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B29 Two-point Magnitude Mri For Rapid Mapping Of Brown Adipose Tissue And Its Application To The R6/2 Mouse Model Of Huntingtons Disease
  1. KS Lindenberg1,
  2. P Weydt1,
  3. HP Müller1,
  4. A Bornstedt2,
  5. AC Ludolph1,
  6. GB Landwehrmeyer1,
  7. W Rottbauer2,
  8. J Kassubek1,
  9. V Rasche2,3
  1. 1Department of Neurology, Ulm University, Ulm, Germany
  2. 2Department of Internal Medicine II, Ulm University, Ulm, Germany
  3. 3Core Facility Small Animal Imaging, Ulm University, Ulm, Germany


The recent discovery of active brown fat in human adults has led to renewed interest in the role of this key metabolic tissue in health and disease. This is particularly true for Huntington’s disease (HD), with a prominent energy deficit phenotype. HD patients show an unintended weight loss with normal or even high food intake already at early stages of the disease. Alterations in brown adipose tissue (BAT) including failure in thermogenesis are found in HD mouse models. Current methods for imaging BAT in vivoare in limited use because they are equipment-wise demanding and often prohibitively expensive. This prompted us to explore how a standard MRI set-up can be modified to visualise BAT in situby taking advantage of its characteristic fat / water content ratio to differentiate it from surrounding white fat. We present a modified MRI protocol for use on an 11.7 T small animal MRI scanner to visualise and quantify BAT in wild-type and disease model laboratory mice. In this application study using the R6/2 transgenic mouse model of HD we demonstrate a significantly reduced BAT volume in HD mice vs. matched controls (n = 5 per group). This finding provides a plausible structural explanation for the previously described temperature phenotype of HD mice and underscores the significance of peripheral tissue pathology for the HD phenotype. On a more general level, the results demonstrate the feasibility of MR-based BAT imaging in rodents in vivoand open the path towards transferring this imaging approach to human patients. Future studies are needed to determine if this method can be used to track disease progression in HD and other disease entities associated with BAT abnormalities, including metabolic conditions such as obesity, cachexia, and diabetes.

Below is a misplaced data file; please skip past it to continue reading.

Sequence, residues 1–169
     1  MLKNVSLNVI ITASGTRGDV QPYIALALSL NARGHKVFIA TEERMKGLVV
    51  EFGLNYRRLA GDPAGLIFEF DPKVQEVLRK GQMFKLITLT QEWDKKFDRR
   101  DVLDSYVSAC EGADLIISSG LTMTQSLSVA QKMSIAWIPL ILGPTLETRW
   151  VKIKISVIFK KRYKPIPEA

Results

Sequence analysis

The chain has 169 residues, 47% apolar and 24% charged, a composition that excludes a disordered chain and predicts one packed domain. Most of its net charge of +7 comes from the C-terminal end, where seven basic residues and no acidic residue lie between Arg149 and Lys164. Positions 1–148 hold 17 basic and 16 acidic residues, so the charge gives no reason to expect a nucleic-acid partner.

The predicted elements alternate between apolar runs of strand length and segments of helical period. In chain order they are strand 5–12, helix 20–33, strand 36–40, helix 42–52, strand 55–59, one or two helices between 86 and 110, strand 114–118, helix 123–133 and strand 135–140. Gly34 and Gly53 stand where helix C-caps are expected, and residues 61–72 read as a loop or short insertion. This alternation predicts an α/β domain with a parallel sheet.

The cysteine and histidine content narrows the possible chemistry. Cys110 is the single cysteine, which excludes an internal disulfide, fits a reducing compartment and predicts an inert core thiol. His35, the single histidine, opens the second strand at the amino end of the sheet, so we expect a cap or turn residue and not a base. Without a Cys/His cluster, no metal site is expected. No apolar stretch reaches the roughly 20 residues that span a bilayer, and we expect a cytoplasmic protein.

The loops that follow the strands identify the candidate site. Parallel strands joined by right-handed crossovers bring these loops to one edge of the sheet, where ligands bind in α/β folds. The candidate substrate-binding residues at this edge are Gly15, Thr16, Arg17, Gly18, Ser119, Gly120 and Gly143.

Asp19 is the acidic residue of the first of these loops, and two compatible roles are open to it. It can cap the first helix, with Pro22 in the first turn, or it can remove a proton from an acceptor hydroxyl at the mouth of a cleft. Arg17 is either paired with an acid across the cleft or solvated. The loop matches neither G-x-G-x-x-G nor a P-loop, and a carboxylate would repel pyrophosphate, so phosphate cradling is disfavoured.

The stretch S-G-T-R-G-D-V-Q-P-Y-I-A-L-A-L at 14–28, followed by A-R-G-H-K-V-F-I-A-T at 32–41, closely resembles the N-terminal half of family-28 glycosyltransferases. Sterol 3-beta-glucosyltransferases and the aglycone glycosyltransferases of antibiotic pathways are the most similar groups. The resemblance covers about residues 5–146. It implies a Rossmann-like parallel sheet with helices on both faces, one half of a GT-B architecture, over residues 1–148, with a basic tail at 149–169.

Funding EHDN seed fund 414.

  • BAT
  • R6/2
  • MRI

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